Toyota may be finding it hard to cope with demand for its hybrid car Prius in the US, and may have even raised prices of its groundbreaking product, but it recently received a legal setback involving the Prius when the country's Supreme Court upheld a lower court judgement against the company. (See: American buyers find the Toyota Prius more difficult and expensive to buy)
The court let stand a $4.3-million award against the automaker for using another company's patented technology in gasoline-electric hybrid vehicles, including the top-selling Prius.
The judges turned down an appeal filed by Toyota against the adverse ruling passed down by a jury earlier this year. Toyota had earlier unsuccessfully challenged the verdict at a federal appeals court in Washington last year.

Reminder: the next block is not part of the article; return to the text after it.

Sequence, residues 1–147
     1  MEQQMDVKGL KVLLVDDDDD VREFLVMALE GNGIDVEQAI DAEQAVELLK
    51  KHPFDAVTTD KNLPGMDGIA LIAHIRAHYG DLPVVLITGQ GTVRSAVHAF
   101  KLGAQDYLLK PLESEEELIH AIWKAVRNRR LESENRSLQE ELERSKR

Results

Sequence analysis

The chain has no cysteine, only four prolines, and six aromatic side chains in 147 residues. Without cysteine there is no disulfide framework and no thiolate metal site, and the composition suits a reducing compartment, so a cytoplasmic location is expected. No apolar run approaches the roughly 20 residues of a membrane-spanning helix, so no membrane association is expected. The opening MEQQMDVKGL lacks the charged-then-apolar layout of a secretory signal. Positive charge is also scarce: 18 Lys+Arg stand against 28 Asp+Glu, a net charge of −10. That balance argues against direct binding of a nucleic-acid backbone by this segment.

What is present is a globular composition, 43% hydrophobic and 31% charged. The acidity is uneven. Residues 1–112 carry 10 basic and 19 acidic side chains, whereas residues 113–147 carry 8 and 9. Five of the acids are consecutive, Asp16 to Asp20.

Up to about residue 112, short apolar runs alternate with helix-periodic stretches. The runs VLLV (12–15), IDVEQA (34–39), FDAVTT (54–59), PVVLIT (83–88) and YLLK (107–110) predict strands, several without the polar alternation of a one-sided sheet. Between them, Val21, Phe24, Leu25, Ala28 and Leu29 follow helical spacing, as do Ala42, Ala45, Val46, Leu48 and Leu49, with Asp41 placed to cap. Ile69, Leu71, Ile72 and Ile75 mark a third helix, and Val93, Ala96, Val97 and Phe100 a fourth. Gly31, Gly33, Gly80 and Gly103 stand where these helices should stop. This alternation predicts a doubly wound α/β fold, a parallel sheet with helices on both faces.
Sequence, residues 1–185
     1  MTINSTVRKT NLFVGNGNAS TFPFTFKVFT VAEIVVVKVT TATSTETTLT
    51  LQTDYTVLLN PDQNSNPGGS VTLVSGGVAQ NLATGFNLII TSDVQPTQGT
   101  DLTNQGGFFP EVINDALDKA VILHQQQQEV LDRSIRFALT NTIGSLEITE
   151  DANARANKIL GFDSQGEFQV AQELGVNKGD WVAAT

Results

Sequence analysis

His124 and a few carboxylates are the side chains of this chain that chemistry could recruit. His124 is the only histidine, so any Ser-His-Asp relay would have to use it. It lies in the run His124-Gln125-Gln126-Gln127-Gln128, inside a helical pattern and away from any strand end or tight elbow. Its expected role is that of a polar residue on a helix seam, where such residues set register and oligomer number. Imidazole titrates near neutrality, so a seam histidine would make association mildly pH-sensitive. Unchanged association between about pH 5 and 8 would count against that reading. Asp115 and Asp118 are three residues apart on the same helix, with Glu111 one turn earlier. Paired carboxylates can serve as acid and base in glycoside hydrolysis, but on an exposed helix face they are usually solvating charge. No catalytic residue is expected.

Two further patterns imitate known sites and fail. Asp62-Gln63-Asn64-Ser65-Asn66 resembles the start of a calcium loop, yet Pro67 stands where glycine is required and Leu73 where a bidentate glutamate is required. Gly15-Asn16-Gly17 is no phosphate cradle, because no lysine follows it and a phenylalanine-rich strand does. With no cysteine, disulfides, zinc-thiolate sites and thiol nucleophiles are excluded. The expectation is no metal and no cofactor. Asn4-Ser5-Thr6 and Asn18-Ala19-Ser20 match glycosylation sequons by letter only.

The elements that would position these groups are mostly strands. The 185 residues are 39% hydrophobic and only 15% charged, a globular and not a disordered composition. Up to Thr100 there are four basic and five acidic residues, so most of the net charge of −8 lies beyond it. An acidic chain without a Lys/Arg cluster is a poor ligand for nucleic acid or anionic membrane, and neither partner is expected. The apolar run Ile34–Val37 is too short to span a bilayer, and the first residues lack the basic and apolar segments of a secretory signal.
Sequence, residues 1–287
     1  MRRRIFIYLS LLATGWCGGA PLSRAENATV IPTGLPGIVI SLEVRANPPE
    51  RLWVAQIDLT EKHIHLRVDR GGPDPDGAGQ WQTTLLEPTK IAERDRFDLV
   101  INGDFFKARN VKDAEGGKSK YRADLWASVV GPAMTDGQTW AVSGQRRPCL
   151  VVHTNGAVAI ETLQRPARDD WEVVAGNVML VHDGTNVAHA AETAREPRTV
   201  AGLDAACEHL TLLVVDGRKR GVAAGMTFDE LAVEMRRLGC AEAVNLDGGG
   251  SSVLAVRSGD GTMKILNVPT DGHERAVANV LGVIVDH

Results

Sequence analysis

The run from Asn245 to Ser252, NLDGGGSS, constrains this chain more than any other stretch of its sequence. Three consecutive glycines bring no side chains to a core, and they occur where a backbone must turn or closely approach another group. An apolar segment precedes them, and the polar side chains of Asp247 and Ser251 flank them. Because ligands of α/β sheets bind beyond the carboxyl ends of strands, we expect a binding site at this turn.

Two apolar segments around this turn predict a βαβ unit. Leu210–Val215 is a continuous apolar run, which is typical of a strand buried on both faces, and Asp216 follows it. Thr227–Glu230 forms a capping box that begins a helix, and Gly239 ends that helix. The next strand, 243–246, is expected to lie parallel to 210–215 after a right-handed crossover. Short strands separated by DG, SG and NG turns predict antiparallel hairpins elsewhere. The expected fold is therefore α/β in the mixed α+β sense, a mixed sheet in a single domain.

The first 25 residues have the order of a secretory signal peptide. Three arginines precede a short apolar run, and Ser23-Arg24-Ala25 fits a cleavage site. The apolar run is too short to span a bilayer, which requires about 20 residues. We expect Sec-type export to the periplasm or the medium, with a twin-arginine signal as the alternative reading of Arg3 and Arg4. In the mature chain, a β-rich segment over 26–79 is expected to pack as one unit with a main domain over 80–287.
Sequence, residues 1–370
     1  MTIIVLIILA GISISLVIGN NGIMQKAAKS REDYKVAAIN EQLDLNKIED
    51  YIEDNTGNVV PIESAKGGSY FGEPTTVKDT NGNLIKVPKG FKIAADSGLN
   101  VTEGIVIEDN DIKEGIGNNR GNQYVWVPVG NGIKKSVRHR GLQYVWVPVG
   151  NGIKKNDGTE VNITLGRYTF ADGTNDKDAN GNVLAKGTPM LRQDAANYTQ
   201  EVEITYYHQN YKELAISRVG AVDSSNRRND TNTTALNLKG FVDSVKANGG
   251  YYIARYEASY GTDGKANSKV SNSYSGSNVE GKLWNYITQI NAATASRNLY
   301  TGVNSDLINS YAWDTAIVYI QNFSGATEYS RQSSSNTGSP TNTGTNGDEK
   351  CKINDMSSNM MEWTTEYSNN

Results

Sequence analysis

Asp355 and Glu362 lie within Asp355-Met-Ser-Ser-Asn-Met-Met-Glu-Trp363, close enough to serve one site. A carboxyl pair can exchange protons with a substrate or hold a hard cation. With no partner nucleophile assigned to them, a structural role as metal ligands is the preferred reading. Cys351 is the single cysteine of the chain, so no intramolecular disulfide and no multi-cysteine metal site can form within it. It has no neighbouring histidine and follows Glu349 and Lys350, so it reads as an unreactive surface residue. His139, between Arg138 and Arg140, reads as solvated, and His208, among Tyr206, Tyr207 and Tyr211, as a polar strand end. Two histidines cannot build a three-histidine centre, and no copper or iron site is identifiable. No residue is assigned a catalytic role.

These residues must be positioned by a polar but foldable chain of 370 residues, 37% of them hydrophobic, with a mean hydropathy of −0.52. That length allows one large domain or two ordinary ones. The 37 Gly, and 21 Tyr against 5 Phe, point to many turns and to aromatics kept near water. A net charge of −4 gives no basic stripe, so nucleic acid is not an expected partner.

The ruling makes Toyota liable to pay Paice LLC royalties for future vehicles it produces using the disputed technology. The appeals court told a trial judge to revisit his order that Toyota pay $25 for every Prius, Highlander and Lexus RX400h sold. The appellate panel refused to block sales of the infringing vehicles.
The disputed technology involves a microprocessor that accepts torque information from both the internal combustion engine and electric motor.
In its Supreme Court appeal, Toyota called Paice a ''patent litigation company'' that was ''attempting to impose a royalty toll on the Prius and similar Toyota hybrid vehicles based on an obscure patent.''
Paice, which had applied for its patent in 1992, urged the Supreme Court not to hear the appeal. The company said the hybrid-car market ''did not take off until Toyota revamped its vehicle programme using technology that Paice patented almost 10 years earlier.''